A bright addition to Hintonburg

By Joseph Hutt – 

Soon to join Hintonburg’s already impressive collection of storefronts, Malenka Originals will be moving to a new location on March 1 at 1098B Somerset West. Owned and operated by Katrina Barclay, Malenka Originals is part upcycled furniture store, part paint shop, and part learning centre, with a special focus on a brand of paint developed by UK-based expert Annie Sloan.

On top of being much more central than its current location in Britannia Village, Katrina hopes to take part in the unique trends of the area’s local business community.

Katrina has always seen Hintonburg as “an edgy and interesting place,” and comments that “what we’re starting to see take hold is that businesses are really starting to focus on making and sharing and learning.”

Malenka Originals owner Katrina Barclay with employee Christina Maal. Photo by Ellen Bond
Malenka Originals owner Katrina Barclay with employee Christina Maal. Photos by Ellen Bond

According to Katrina, this is what Malenka Originals has always been about: sharing a passion and providing people with a creative outlet. Katrina’s painting workshops are quick to fill up. She has also made time to organize workshops in partnership with other local maker-style businesses, such as the Maker House Co. and has lent her expertise to the Ottawa Tool Library as one of their volunteer Tool Educators.

While hoping to take advantage of the opportunities that Hintonburg will afford, Katrina is also looking forward to getting a second chance at establishing her space, something she felt was rushed in its current incarnation.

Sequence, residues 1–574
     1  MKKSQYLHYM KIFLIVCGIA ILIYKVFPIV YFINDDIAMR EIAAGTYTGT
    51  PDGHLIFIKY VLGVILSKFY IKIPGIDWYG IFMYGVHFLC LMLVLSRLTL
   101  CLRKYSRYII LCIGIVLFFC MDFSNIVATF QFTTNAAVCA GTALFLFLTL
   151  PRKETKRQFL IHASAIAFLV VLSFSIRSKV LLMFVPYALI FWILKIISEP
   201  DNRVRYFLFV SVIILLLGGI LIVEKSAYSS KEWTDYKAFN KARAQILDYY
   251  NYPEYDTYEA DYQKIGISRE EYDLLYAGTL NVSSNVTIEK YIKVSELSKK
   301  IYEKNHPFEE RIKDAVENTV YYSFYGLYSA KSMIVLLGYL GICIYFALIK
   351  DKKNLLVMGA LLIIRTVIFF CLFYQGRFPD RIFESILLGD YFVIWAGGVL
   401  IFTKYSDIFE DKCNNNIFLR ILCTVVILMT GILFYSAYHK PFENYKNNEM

“When I set that shop up, I had little time to do it and I didn’t have a lot of resources,” Katrina says.

Now, with about four years of success and experience behind her, Katrina can plan this shift “with more insight and less pressure.”

Integral to this planning is Christina Maal, a passionate designer and employee at Malenka Originals.

“Christina walked into my shop three years ago, and she wasn’t looking for a job,” Katrina reminisces. “She wanted to talk about what I was doing and about reusing furniture. By the end of our conversation, I asked her to come and work for me.”

According to Katrina, Christina was drawn by the open concept of the shop, with all furniture work being done out in the open where customers can experience the process. Together, they’ve done their best to plan a layout that will preserve this atmosphere. “We want people to walk in and get that feeling of things being done here,” says Katrina.

“You have no idea how many people come into this store and say, ‘I can’t do this, I’m not creative,’” Katrina adds. “And then they come back in a few weeks, showing me pictures of these beautiful things that they’ve painted.”

It’s this attitude that makes Katrina such a great fit for the small business scene in Kitchissippi; she is already on board with a philosophy that, as she says, “doesn’t rely on people coming into a store and just buying stuff and leaving.”

This alternative approach to business pairs well, in Katrina’s eyes, with Malenka’s.

“That’s the thing about a lot of these businesses [in Hintonburg],” Katrina says. “They’re a lot about making, but they’re also about reusing, upcycling. We’re tired of the old model of just buying, buying, buying.”

“Everybody has a piece of furniture in their house that is very functional… but they don’t like the look of it,” says Katrina. Instead of tossing it to the curb, she really hopes that people will come into her shop and consider the possibilities.

“It’s about having customers taking on a more active role and having the chance to be hands on and creative,” Katrina says. “I want them to see how happy it can make you to rediscover your creative side, which this really does.”

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